We then must develop our will so that it becomes apt at seconding our intelligence, which will have been enlightened. “To think and not act is the same as not thinking,” one of our friends correctly said. We insist that education must be total, that it must develop all our faculties, all our senses. It doesn’t consist in book learning alone, and he who will be satisfied with retaining a few phrases and a certain number of poorly digested notions will not have brought together the conditions we have laid out, he will not know to — will not be able to — properly comport himself. The will requires educating, just like the intelligence, of which it is the auxiliary. We will exercise our will by casting aside those errors that can be dangerous, and we will maintain it through action, resistance to atavisms, the passions, to evil, by training it in the suppression of harmful acts, by the cultivation of daring, of initiative, of courage.
How unlimited is the horizon that opens up before the individual! He will be able to quench his thirst for knowledge, his desire for healthy joys without ever fearing of tiring of them. Each of his efforts will bear within itself its “recompense” by increasing his happiness and that of his kind.
For moral education is as necessary as purely intellectual education. As I said above, we cannot be uninterested in the life of others, since our personal acts depend on those of other humans. It is here that the error appears of those who use an extreme individualism to legitimize anti-social acts. After having established the rules for his conduct as concerns himself, the true individualist will concern himself with that part of morality that keeps in sight the relations of men among themselves. Not being able to ignore the benefits of solidarity and association he will want to analyze the attitudes of his like in order to draw the greatest profit, personal and durable, from mutual assistance. Through a prior selection and agreements based on affinities he will obtain the maximum amount of profit with the least concessions, and the happiness of the individual will thus be in harmony and equilibrium with that of his comrades.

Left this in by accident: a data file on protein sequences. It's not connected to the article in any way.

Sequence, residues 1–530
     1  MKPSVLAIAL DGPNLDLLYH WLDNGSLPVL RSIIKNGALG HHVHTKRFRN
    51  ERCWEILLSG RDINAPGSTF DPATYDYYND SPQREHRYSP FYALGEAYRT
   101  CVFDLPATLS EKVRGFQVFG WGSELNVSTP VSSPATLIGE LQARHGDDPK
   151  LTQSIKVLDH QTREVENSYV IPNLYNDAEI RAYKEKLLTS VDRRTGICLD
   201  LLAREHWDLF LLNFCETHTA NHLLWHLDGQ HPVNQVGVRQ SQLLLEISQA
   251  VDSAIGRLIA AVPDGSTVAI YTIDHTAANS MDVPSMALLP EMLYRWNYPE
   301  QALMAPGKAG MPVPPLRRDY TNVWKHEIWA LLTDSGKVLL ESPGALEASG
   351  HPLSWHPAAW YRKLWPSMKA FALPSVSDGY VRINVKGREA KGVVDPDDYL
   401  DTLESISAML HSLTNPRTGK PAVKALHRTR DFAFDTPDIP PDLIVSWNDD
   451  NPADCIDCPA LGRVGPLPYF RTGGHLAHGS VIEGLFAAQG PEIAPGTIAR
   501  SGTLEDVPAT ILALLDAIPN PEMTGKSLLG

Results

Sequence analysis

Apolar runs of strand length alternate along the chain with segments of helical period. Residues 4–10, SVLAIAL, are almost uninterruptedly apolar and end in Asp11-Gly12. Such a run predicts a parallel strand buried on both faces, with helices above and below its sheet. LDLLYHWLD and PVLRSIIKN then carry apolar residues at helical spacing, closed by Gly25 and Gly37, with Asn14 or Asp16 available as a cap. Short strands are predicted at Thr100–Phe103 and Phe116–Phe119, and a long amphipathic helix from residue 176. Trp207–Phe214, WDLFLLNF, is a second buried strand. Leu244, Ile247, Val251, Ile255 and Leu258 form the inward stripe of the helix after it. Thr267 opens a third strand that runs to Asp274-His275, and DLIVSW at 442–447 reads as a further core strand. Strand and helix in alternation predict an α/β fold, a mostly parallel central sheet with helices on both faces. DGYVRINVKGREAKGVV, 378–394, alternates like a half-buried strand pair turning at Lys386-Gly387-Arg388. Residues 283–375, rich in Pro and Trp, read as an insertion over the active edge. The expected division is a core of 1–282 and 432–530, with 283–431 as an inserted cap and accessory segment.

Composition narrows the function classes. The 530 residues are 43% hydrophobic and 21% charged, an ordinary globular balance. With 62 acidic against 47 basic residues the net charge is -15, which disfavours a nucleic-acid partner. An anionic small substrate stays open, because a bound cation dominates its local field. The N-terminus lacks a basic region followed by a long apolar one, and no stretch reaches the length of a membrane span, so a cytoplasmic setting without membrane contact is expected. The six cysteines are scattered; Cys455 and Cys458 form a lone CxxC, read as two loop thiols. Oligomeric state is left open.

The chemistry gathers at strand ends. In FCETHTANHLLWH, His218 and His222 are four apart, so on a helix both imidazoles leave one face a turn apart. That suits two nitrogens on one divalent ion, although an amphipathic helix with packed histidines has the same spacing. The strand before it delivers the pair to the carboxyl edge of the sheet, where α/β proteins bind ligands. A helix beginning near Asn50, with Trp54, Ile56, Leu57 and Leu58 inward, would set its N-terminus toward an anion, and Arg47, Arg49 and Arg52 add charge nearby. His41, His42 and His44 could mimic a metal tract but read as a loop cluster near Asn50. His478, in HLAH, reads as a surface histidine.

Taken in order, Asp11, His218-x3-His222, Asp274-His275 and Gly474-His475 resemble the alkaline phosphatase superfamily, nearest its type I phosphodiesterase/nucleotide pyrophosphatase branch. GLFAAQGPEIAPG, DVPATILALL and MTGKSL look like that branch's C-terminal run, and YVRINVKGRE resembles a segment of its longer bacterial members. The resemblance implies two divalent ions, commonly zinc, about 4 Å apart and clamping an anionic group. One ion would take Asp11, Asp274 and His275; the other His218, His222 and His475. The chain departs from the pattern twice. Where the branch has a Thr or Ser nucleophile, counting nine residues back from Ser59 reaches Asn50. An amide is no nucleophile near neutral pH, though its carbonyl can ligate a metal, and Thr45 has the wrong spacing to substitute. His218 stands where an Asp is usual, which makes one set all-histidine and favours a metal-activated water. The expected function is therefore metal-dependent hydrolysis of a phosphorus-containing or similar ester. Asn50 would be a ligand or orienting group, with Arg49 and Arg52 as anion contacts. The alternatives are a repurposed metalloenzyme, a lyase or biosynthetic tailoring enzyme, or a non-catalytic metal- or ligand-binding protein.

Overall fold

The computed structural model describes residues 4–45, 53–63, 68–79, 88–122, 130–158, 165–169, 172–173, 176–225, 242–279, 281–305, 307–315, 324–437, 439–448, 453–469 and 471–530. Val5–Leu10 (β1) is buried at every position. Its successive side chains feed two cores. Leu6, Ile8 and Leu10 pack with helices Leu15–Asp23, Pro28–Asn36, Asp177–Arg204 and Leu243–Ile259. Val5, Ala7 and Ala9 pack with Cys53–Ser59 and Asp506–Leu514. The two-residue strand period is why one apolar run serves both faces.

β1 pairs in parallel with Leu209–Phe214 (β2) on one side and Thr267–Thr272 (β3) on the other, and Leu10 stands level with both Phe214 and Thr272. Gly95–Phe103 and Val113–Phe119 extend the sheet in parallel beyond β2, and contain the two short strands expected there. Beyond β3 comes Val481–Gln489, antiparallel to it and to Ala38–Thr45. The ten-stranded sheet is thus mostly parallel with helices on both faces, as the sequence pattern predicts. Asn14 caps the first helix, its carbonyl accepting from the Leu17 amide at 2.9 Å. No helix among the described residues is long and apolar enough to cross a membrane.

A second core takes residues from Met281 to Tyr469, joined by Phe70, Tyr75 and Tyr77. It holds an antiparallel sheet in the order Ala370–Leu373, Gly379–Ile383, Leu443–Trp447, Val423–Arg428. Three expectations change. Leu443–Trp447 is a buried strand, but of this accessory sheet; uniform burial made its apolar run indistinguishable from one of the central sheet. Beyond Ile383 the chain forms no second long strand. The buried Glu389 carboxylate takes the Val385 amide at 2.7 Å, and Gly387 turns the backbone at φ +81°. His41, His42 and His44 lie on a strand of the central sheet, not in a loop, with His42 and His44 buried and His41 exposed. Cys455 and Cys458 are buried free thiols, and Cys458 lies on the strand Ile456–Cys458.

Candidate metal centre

Acting consciously towards himself and others: this is the goal the man desirous of blossoming through reason and free agreement will propose to himself.
It is obvious that he must turn to those of his kind who are still in error, who accept their servitude. It will be in his interest to work for the emancipation of those capable of evolving and who can — after having escaped from ignorance — become fraternal and dedicated comrades, increasing the wealth and power of his life.
To be sure, the question will not be resolved by this summary exposé, nor do we have the naïve pretension to believe this. We have simply attempted to indicate the overall picture of a flexible and individual morality based on liberty and reason. At the same time we have sketched the plan for a colossal but marvelous labor. Is this not our entire task? Improve ourselves, reform ourselves, become more conscious, less flawed, less proud and impulsive and through our friendly criticism, our propaganda and comradely efforts strive to show the ignorant and the submissive the renovating path of revolt and education.
We will search in this very place — and this will be the reason for this publication — to study and determine the multiple rules of individual conduct. Stripped of all dogmatic spirit, but also of all mysticism and skepticism, we will advance towards life with something other than literary witticisms and sentimental impressions. Everything capable of elevating man’s mentality, everything that can assist him in piercing nature’s mysteries, in tasting science’s teachings universally applied, all of this will interest us. We want men who know how to conduct themselves, who know what they are doing and what they want, and not chatterboxes, the regimented the infatuated, or vain, and authoritarian fools. The task is difficult, but it is fascinating and fruitful! Accomplished methodically and seriously it will be the true anarchist task, since it alone can form better individuals, capable of living without authority, of blossoming individually and forever advancing towards the better through honest solidarity. In the face of dogmas, of despots, of the sentimental, of charlatans and regimenters, humanity’s future belongs to reason.
From : TheAnarchistLibrary.org